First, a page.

I’ve just wrapped up my trip to NIPS 2015 in Montreal and thought I’d jot down a few things that struck me this year:
Saddle Points vs Local Minima
I heard this point repeated in a talk almost every day. In low-dimensional spaces (i.e. the ones we can visualize) local minima are the major impediment to optimizers reaching the global minimum. But this doesn’t generalize. In high-dimensional spaces, local minima are almost non-existent. Instead, there are saddle points: points which are a minimum in some directions but a maximum in others. Intuitively, this makes sense: in N dimensions, the odds of the curvatures all going the same way at a point is (1/2)^N. As Yoshua Bengio said, "it's hard to build an n-dimensional wall." This gives an intuition for why procedures like gradient descent are effective at optimizing the thousands of weights in a neural net: they won’t get stuck in a local optimum. And it gives an intuition for why momentum is helpful: it helps gradient descent escape from saddle points.
The tutorial on Hardware for Deep Learning was less about new hardware and more about how to make your software get the most out of existing hardware. Due to the high cost of uncached, off-chip memory reads, reducing the memory footprint of your models can be a huge performance win. Bill Dally presented a result on model pruning that I found interesting: by iteratively removing small weights from a model and retraining, they were able to remove 90+% of the weights with zero loss of precision. This parallels an observation from transfer learning, that small networks are most effectively trained using the output of larger networks. It would be nice if we could train these smaller networks directly. See the Deep Compression paper.
The importance of canonical data sets / problems
Over and over, talks and posters referenced the same canonical data sets: the MNIST set of handwritten digits, the CIFAR and ImageNet images, the TIMIT speech corpus and the Atari/Arcade Learning Environment (ALE). These have given researchers in their fields a shared problem on which to experiment, compete, collaborate and measure their progress. If you want to push a field forward, built a good challenge problem.
There was much high-level talk about how the human brain is very good at learning to perform new tasks quickly. Contrast this with neural nets, which require thousands or millions of training examples to reach human performance. This comparison is somewhat unfair because adult humans have years of experience interacting with the real world from which to draw on. There seems to be a great deal of interest in getting machines to do a better job of transferring general knowledge to specific tasks.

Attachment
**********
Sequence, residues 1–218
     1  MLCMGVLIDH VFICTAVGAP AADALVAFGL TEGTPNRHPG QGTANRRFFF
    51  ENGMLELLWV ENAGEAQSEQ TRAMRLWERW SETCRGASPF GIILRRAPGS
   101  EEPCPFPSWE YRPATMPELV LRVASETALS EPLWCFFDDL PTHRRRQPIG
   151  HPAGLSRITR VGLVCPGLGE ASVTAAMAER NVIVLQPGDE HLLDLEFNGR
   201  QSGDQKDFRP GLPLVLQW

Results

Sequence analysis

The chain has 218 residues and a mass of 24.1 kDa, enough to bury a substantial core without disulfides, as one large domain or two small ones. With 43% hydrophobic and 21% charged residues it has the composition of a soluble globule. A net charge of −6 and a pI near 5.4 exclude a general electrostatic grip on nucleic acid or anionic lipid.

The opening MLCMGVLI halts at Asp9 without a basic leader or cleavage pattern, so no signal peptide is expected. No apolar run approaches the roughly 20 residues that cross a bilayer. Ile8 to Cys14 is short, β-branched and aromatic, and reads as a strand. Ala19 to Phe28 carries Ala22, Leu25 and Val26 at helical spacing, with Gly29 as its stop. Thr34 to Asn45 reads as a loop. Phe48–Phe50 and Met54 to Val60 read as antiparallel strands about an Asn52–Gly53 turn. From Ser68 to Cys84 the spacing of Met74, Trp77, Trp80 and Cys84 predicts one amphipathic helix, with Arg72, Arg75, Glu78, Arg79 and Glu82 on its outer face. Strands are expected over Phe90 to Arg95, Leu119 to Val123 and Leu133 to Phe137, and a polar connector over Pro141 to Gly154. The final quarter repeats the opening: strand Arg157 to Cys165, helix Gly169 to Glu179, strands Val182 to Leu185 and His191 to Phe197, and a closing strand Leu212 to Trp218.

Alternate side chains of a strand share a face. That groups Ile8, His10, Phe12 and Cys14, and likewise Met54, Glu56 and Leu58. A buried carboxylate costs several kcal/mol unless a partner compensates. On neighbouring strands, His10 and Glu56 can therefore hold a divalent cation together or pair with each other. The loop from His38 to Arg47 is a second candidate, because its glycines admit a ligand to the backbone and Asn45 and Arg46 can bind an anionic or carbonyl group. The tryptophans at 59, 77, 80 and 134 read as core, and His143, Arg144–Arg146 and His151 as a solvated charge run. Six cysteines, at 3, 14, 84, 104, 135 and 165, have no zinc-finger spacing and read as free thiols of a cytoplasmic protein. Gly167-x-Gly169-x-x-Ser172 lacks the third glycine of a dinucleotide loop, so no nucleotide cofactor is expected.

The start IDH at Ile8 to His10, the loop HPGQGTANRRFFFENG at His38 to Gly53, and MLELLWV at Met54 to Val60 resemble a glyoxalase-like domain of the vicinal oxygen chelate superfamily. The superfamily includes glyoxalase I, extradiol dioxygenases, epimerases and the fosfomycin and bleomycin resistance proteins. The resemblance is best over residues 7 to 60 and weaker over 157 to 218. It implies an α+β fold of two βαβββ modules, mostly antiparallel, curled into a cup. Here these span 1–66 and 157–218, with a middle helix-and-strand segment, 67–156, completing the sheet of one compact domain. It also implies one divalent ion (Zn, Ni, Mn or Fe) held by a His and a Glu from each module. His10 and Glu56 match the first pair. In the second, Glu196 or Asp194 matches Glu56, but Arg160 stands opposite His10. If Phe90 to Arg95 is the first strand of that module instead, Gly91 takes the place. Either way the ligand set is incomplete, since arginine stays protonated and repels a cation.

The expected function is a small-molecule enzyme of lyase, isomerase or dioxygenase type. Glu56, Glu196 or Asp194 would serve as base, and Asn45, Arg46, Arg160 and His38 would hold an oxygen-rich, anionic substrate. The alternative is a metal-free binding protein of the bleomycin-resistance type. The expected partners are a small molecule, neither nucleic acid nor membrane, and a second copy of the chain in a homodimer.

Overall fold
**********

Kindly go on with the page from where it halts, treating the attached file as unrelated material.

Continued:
This conference has gotten huge!
I’ve read that registrations have gone up significantly over the last few years. This was palpable at the conference. Many of the workshop rooms were packed to the gills and I watched most of the larger talks in overflow rooms. This is probably good thing for the ML community. I’m not sure if it’s a good thing for NIPS.
A few smaller bits that struck me:
Highway Networks are cool. They let you train very deep networks, where the depth has to be learned. They found that depth > 20 was not helpful for MNIST, but was for CIFAR.
As an example of the above, I really enjoyed the Pixels to Voxels talk. Pulpit Agarwal & co showed that the activations of individual layers of AlexNet correlate to activations in regions of the brain. They were able to use this correspondence to learn what some of the mid-level regions of the visual cortex are doing.
We heard several speakers say that “backprop is not biologically plausible.” I assume this is because we don’t consume nearly enough labels for it to be practical at the scale of a human brain?
I asked someone at the NVIDIA booth whether the ML industry is large enough to drive GPU design & sales (as opposed to the game industry). It is. The GPUs designed for ML tend to be more robust than those used in games. They have error correcting codes built-in. In a game, if an arithmetic unit makes a mistake, it’ll be fixed on the next frame. When you’re training a neural net, that mistake can propagate.
I do relatively little machine learning in my day-to-day. NIPS is always a bit over my head, but it's a good way to rekindle my interest in the field.
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